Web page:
Senators question BP's safety culture
Members of a Senate subcommittee last week criticized BP's safety culture, questioning whether the company has made strides in improving workplace safety in light of numerous high-profile incidents, including the recent Deepwater Horizon oil rig explosion that killed 11 workers.
The July 22 hearing before the Senate Health Committee's Employment and Workplace Safety Subcommittee had only one witness -- Steven Flynn, BP's vice president of health, safety, security and environment. For more than two hours, Flynn attempted to deflect accusations that his company has not done enough to protect workers.
Flynn testified that since the 2005 Texas City refinery explosion that killed 15 people and the 2006 Prudhoe Bay oil spill in Alaska, BP has made safety its highest priority and developed a new global agenda to carry it out.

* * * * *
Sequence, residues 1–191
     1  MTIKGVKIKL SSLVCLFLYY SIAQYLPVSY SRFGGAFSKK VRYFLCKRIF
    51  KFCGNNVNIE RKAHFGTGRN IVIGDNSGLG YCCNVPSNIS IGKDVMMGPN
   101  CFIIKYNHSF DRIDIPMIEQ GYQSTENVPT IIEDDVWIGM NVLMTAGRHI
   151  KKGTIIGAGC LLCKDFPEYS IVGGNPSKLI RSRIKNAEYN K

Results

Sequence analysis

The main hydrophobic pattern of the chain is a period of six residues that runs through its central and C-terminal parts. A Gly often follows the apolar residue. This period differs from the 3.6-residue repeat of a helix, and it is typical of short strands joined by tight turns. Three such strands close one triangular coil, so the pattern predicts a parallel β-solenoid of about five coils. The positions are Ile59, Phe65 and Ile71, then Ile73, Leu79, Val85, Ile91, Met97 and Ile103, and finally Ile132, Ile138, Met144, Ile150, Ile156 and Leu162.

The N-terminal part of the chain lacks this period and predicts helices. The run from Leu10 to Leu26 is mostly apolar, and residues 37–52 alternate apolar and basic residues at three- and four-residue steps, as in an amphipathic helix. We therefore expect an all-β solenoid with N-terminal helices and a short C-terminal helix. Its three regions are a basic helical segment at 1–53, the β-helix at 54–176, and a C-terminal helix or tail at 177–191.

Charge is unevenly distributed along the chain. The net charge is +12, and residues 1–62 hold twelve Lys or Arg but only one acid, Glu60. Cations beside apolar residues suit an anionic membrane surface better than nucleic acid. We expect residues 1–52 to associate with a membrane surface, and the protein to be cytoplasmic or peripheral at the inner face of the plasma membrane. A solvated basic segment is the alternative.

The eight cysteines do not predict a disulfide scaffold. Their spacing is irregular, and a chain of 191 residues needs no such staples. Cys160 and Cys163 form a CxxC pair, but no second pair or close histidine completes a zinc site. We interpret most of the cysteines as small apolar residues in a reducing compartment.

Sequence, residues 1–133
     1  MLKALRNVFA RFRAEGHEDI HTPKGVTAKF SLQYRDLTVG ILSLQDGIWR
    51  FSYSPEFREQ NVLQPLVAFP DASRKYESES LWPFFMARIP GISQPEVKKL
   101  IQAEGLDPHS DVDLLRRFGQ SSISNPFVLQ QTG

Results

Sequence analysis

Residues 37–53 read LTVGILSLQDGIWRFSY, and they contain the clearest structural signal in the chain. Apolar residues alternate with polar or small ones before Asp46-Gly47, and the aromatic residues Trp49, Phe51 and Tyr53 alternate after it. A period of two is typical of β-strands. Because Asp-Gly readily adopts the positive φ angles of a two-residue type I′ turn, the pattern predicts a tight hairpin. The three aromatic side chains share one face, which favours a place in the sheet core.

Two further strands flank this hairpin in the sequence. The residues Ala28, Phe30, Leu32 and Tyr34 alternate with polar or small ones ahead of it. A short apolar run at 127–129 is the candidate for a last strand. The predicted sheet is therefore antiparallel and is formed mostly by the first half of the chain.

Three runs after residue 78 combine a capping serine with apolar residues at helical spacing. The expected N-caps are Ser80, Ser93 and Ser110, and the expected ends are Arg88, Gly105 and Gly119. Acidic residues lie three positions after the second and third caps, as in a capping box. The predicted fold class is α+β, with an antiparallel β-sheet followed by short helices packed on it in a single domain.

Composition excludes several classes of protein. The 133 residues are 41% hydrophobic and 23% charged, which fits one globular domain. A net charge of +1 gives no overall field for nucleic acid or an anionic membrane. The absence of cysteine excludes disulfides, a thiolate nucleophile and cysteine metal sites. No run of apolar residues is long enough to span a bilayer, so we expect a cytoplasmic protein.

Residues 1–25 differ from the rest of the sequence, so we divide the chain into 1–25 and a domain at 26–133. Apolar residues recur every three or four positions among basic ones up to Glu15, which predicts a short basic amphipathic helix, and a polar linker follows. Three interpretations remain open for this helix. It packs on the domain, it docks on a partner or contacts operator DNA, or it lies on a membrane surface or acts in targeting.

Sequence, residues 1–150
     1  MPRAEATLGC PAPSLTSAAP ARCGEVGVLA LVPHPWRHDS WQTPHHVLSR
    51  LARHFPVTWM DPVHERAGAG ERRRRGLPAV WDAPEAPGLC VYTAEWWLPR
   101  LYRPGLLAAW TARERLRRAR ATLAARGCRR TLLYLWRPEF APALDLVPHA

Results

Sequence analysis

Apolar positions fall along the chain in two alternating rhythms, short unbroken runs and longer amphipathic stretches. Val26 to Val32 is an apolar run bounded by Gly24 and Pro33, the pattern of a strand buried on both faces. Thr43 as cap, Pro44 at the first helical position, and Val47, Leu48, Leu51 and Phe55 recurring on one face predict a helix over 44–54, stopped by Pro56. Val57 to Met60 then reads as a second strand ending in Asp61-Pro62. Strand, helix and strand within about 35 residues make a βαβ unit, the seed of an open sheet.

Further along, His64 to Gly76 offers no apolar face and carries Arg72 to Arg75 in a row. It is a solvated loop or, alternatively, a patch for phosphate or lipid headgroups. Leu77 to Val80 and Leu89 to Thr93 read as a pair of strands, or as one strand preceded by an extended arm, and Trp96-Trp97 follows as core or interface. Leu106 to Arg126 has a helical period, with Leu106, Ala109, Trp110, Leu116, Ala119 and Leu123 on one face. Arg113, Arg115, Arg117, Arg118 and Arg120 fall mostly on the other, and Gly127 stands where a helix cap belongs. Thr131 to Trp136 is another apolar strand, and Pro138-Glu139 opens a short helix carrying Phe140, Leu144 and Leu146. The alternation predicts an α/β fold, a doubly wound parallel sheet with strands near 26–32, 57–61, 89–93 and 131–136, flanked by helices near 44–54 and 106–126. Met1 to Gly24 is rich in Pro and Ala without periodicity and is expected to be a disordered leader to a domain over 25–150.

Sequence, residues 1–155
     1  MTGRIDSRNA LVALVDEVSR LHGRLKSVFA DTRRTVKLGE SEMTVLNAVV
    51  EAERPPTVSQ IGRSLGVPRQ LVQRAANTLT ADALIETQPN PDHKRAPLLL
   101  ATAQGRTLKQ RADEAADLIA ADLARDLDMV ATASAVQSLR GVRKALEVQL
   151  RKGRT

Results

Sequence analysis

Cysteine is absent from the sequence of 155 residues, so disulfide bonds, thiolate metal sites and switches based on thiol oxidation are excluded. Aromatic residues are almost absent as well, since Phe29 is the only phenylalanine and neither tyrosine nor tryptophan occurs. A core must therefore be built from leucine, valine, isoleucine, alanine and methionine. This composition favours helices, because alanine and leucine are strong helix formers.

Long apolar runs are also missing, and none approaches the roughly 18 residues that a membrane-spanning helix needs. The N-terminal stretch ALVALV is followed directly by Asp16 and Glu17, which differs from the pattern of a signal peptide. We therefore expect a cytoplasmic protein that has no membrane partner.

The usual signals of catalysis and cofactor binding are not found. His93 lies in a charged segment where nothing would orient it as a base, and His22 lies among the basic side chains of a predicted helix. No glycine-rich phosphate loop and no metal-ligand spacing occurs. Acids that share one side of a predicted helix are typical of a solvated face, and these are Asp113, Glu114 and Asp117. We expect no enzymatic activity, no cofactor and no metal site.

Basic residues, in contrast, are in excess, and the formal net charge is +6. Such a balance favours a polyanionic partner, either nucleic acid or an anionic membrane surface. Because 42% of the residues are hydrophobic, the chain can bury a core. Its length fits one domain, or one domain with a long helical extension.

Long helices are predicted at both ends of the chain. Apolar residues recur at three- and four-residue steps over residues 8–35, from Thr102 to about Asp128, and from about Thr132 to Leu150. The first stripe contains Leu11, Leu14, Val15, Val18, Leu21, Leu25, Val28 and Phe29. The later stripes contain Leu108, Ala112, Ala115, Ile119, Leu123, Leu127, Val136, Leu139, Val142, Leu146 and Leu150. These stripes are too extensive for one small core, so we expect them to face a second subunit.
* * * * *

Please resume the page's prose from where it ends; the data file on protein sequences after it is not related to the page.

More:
Senators continually questioned BP's progress, bringing up recent allegations of worker safety concerns being stifled and shortcuts taken at the Deepwater Horizon rig, as well as the large number of citations, fires, deaths and injuries that have occurred at BP sites in recent years.